Cambridge as an intellectual community does a good deal more talking than it does creating. From clubroom to European coffee house, the accent is generally on semantics. Literature, as such, remains for maladjusted night people who pound away at typewriters between midnight and two, and file their work in big manila folders.
The night people have a very limited audience--mainly roommates and Radcliffe esthetes with sympathetic smiles. The Advocate commonly publishes only a few writers, most of whom have graduated or live elsewhere. The CRIMSON'S literary columns are strictly critical. And the University's wares are negligible in the way of "little magazines"--mimeographed monthlies, one-shots, and handbooks with big ideas.
There is, then, more than one reason to welcome Audience back to Cahaly's and the Mass. Ave. news-stands (50 cents per copy). It is a sign of life among the arid literati, and its cover is appealing.
It runs 110 pages--a gamut of essays, poems, short stories, reviews, and even a play. The editors launch the issue with a benign note to the effect that they intend to publish writers more interested in art than market.
Wyman follows with an essay on the West Coast anti-academics (the Beat and breathless generation)--a hand-dangling series of observations on San Francisco press agentry. Wyman, and a good many of Audience's poets, seem mildly awed at the energy of the Beat mystique--and profoundly amused by jazz-and-poetry miscegenation and technological bogeymen.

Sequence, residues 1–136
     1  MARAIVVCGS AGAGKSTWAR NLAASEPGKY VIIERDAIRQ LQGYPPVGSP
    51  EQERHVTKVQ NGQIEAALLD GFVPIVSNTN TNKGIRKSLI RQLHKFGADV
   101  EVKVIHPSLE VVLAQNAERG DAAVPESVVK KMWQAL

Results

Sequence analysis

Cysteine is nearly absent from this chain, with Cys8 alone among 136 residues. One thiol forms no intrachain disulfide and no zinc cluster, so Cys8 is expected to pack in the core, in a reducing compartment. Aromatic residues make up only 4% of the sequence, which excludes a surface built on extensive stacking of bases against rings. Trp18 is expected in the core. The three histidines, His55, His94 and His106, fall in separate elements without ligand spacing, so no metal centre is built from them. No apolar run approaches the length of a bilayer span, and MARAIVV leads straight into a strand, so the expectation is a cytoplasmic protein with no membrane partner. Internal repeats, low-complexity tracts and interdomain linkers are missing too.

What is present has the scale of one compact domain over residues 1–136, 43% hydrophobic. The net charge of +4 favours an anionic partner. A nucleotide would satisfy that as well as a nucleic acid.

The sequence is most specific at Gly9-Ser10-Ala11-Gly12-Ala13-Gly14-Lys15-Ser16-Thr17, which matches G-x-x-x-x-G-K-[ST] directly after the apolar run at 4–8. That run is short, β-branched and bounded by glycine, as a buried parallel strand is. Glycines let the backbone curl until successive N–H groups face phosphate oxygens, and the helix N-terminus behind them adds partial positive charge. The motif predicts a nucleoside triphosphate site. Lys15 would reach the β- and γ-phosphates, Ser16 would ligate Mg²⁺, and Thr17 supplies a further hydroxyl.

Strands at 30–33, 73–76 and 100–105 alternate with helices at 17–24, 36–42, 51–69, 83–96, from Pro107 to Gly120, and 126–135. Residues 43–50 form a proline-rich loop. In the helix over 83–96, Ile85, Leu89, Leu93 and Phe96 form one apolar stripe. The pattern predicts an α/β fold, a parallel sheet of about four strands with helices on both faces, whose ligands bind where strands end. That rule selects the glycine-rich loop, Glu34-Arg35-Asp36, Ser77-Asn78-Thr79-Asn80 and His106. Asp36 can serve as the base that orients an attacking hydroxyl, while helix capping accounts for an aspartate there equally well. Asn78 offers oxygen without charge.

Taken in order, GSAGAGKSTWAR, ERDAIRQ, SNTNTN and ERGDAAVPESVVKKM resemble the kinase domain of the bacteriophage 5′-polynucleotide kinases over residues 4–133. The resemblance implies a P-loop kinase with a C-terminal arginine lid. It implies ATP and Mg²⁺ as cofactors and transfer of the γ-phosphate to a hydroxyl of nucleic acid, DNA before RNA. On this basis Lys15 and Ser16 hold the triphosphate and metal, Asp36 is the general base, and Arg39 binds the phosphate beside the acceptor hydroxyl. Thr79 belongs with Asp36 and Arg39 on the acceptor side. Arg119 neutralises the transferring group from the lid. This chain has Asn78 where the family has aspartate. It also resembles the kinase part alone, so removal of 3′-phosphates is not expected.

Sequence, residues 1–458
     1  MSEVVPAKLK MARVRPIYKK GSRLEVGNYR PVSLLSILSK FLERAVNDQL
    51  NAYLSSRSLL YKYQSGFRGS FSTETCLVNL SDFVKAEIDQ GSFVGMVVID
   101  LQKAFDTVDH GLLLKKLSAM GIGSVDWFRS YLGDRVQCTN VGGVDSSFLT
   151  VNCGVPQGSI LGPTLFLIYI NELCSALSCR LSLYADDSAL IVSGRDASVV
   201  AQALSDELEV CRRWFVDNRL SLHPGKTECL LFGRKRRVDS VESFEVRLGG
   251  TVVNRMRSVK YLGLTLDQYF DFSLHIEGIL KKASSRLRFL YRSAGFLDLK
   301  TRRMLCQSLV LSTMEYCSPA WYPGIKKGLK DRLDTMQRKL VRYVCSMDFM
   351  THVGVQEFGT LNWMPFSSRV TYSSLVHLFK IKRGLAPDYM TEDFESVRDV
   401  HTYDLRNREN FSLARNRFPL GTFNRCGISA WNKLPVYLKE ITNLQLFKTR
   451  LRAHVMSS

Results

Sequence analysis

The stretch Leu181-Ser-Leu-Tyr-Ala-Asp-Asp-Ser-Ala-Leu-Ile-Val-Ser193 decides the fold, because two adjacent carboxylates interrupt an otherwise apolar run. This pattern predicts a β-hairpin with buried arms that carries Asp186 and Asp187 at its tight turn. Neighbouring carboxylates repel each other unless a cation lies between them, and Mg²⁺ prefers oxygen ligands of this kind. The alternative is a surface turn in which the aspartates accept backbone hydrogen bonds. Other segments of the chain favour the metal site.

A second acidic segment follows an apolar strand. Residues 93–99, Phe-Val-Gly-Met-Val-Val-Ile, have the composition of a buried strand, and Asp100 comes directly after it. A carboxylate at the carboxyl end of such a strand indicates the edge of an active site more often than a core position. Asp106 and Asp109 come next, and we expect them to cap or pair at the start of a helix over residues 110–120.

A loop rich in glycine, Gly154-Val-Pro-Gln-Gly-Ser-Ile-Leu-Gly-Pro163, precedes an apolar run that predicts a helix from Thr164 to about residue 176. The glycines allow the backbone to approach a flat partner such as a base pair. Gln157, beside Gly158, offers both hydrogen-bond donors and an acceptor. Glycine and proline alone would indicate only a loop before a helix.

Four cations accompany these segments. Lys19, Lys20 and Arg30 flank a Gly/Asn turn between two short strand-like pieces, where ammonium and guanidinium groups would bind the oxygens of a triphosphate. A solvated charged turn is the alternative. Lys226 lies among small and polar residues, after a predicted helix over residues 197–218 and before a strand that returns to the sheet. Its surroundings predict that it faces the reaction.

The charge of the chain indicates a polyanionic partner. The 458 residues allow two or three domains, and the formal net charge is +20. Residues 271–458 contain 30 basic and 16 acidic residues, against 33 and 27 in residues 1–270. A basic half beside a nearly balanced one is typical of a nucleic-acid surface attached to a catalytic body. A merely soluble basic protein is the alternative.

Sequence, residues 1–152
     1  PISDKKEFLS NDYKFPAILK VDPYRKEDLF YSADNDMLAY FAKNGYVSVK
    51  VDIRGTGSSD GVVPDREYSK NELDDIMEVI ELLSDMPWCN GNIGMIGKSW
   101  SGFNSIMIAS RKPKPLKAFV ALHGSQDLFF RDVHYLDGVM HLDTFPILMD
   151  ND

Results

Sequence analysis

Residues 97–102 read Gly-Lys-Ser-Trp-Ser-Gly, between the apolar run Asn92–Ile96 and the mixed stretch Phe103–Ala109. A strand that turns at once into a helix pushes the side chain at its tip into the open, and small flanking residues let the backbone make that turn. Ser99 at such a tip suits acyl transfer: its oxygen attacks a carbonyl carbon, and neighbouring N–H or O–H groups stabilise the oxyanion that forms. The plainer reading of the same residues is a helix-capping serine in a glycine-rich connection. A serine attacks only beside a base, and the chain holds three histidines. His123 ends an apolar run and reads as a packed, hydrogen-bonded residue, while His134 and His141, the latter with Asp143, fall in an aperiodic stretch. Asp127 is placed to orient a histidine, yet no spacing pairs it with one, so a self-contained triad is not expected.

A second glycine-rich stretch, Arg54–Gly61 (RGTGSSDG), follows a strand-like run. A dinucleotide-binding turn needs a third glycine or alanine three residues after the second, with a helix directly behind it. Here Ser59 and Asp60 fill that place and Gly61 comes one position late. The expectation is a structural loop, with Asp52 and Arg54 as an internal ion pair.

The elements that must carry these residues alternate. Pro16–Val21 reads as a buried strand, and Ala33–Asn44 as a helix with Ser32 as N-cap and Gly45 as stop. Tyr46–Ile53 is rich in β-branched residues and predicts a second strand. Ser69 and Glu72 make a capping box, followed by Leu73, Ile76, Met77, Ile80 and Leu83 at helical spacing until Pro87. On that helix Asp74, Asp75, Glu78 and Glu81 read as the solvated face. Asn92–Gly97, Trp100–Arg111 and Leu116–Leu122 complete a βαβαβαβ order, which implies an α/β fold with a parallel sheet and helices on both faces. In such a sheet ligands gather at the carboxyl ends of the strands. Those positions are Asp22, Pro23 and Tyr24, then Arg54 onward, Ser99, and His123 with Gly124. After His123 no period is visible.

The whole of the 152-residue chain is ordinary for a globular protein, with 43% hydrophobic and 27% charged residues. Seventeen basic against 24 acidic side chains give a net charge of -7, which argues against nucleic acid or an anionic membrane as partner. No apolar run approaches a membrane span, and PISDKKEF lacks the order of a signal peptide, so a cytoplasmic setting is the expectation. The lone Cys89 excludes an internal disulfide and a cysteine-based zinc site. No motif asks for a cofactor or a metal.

Audience has more to offer when its column-tenants stick to their own experience. The poetry is generally original, in the spirit of experiment. Arthur Freeman metaphorizes Samuel Johnson's sensitive mind into a trailer-truck, a diesel, and a Pershing tank, in what is probably the volume's best poem. And Nathaniel Lamar's short verse on "A Dry Anthropologist at Sea" sent Lowell House contemporary culturists to chuckling in their tea.
The poets are too many for discussion here. They range from Peter Jones (who edits an English little magazine) to Peter Heliczer. Even I. A. Richards and a San Francisco poet contribute minor works. Taken as a lump (or, with Mr. Wyman's permission, a "citadel") the poets are craftsmen of word and form, but that's about all. Images like "oval charm" and "cockpit of empyreuma" sound better sans inspection. And some of the poems rhyme.
Two longer works, a trial of Proust and a poem on the death of Shelley, further attest to the new zest for vitality in form. They are impressive in both length and language, but that very length is discouraging to the harried scholar and the springtime esoteric. They were written by an engineer and a naval aviator.
The main fault with Audience is not its content, but its intent. Edited in the Harvard community, it is not a part of that community. There are no night people depositing their yellow sheaves of paper at the Kirkland Street door slot. The authors are scattered about the nation, most of them belonging to an older generation. Audience, despite its opening editorial protestations, is just another little magazine. If there are too few in Cambridge, there are too many in America--from Washington Square to North Beach.
To survive as a continuing institution, and to prove meaningful to the Harvard community, Audience must offer something new. To sustain itself in undergraduate literature, it must seek undergraduate writers. The Charles-River-to-Brattle-Street axis may not be American literature's left Bank, but there are those of us who feel the cloistered years deserve something more than New Yorker apotheosis.